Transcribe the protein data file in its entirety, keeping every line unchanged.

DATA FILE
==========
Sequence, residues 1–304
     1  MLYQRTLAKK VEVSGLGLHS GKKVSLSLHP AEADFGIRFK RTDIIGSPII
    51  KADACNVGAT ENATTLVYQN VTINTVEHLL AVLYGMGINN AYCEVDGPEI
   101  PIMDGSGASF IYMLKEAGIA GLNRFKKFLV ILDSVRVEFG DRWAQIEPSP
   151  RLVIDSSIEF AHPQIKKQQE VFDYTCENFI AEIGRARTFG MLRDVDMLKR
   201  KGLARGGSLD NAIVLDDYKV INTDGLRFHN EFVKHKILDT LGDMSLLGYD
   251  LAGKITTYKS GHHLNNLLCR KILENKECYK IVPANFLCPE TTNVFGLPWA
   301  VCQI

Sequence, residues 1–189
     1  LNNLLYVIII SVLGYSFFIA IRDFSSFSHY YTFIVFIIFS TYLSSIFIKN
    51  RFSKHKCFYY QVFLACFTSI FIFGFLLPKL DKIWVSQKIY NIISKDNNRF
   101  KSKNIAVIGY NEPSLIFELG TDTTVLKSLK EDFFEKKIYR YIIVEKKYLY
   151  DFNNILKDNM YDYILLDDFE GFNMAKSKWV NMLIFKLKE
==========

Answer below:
Sequence, residues 1–304
     1  MLYQRTLAKK VEVSGLGLHS GKKVSLSLHP AEADFGIRFK RTDIIGSPII
    51  KADACNVGAT ENATTLVYQN VTINTVEHLL AVLYGMGINN AYCEVDGPEI
   101  PIMDGSGASF IYMLKEAGIA GLNRFKKFLV ILDSVRVEFG DRWAQIEPSP
   151  RLVIDSSIEF AHPQIKKQQE VFDYTCENFI AEIGRARTFG MLRDVDMLKR
   201  KGLARGGSLD NAIVLDDYKV INTDGLRFHN EFVKHKILDT LGDMSLLGYD
   251  LAGKITTYKS GHHLNNLLCR KILENKECYK IVPANFLCPE TTNVFGLPWA
   301  VCQI

Sequence, residues 1–189
     1  LNNLLYVIII SVLGYSFFIA IRDFSSFSHY YTFIVFIIFS TYLSSIFIKN
    51  RFSKHKCFYY QVFLACFTSI FIFGFLLPKL DKIWVSQKIY NIISKDNNRF
   101  KSKNIAVIGY NEPSLIFELG TDTTVLKSLK EDFFEKKIYR YIIVEKKYLY
   151  DFNNILKDNM YDYILLDDFE GFNMAKSKWV NMLIFKLKE